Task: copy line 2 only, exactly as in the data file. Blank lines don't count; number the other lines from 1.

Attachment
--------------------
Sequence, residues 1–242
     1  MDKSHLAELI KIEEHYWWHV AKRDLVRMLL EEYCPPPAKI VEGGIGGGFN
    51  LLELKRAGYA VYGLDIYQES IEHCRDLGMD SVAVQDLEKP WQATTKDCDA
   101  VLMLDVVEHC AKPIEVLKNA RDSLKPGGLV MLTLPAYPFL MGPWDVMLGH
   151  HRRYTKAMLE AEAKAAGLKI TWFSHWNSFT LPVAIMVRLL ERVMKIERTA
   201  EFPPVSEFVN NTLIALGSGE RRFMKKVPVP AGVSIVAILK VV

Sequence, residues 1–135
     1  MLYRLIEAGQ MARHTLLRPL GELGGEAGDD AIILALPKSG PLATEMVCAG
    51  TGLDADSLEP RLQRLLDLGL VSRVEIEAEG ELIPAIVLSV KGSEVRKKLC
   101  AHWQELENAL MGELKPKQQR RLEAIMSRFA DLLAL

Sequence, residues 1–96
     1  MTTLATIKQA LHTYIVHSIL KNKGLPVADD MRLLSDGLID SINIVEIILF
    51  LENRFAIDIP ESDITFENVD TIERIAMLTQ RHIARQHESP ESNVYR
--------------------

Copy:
     1  MDKSHLAELI KIEEHYWWHV AKRDLVRMLL EEYCPPPAKI VEGGIGGGFN